Criminal Justice and Policing

Qualified Immunity FAQ

Qualified immunity has protected law enforcement officers and other government officials from being held accountable when they violate people’s constitutional rights for decades. The doctrine of qualified immunity allows state and local officials to avoid personal consequences related to their professional interactions unless they violate “clearly established law” and has been repeatedly used by police officers to escape accountability and civil liability for engaging in violent and abusive acts against the public. In practice, this often means that, unless there’s a case with nearly identical facts on the record, these officials can violate a person’s rights without being held personally responsible for their actions.

We’ve compiled answers to frequently asked questions about qualified immunity.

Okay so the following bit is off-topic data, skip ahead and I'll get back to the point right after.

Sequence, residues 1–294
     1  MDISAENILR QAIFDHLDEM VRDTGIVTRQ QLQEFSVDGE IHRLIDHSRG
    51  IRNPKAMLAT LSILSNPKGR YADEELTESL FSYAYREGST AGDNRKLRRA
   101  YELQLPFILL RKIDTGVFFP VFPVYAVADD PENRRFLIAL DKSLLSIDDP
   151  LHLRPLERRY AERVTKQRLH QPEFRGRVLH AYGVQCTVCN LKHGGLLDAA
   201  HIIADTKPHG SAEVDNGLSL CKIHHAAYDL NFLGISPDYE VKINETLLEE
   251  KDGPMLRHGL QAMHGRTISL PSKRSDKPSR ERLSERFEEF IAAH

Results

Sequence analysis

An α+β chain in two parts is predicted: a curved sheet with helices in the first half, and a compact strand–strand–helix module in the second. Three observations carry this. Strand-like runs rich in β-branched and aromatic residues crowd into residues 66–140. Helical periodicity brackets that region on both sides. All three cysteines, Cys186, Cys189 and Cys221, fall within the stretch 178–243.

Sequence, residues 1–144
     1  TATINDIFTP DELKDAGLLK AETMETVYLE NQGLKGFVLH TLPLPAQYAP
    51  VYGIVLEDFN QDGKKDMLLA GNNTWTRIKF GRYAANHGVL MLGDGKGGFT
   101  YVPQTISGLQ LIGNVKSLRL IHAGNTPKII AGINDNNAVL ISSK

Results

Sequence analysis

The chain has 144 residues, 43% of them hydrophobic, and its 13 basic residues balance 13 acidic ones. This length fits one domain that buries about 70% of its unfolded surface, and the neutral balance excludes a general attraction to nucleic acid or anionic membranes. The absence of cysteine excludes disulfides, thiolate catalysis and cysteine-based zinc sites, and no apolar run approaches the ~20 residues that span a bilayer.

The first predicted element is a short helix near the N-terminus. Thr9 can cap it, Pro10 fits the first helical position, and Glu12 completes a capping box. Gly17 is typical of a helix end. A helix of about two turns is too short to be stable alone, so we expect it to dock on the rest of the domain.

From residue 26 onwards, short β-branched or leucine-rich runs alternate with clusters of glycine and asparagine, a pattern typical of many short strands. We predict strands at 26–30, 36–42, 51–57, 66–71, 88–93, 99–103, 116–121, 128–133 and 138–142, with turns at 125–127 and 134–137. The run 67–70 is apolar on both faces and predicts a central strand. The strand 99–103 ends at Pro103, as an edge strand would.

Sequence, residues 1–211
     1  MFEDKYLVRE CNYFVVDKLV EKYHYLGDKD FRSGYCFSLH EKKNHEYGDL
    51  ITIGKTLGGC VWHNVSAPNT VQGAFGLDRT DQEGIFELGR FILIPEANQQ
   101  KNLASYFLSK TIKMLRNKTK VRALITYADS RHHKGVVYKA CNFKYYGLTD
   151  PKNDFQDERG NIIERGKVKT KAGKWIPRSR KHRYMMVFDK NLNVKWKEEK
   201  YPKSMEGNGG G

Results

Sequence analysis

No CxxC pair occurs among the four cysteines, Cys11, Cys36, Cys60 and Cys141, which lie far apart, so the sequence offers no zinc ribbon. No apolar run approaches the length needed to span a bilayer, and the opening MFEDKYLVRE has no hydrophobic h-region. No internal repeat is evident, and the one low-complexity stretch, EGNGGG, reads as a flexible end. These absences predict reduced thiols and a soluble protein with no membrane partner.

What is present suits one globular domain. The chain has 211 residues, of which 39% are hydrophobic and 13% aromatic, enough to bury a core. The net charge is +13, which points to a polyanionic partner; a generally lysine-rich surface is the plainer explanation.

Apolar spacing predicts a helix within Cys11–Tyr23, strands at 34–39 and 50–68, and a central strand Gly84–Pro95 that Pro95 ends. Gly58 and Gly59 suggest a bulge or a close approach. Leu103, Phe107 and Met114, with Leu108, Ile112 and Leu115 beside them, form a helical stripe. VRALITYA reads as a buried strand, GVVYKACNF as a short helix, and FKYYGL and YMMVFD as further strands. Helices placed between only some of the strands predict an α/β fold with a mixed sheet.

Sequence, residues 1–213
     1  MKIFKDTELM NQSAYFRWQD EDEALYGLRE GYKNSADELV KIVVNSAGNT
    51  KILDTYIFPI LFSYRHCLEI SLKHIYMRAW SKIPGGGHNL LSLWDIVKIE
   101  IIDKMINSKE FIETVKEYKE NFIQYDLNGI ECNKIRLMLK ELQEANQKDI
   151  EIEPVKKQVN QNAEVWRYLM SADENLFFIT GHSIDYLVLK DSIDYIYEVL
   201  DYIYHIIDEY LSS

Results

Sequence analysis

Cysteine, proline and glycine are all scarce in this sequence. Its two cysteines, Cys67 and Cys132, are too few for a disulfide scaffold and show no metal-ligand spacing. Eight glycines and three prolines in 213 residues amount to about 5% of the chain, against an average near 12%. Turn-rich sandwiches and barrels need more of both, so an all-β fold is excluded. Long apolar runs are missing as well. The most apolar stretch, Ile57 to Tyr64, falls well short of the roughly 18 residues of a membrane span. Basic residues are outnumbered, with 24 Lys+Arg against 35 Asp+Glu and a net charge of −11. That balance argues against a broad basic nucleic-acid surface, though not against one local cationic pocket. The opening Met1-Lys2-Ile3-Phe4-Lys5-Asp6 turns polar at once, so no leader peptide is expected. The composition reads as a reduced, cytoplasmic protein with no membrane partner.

Qualified immunity is a judge-created rule that protects government officials, including police officers, when they are sued. The doctrine holds that officials who violate other people’s constitutional rights can only be held responsible if there exists a previous court decision, with very similar facts, that resulted in other officials being held accountable.

Qualified immunity has been used in many cases to protect officials who have engaged in a variety of misconduct, including fatal shootings, police brutality, stealing, sexual misconduct, and more.

In 1967, the United States Supreme Court introduced qualified immunity in Pierson v. Ray to protect police officers from financial liability after they arrested 15 clergy members for breaching the peace after they attempted to use a segregated waiting room at a bus station. The Supreme Court later struck the state law down as unconstitutional.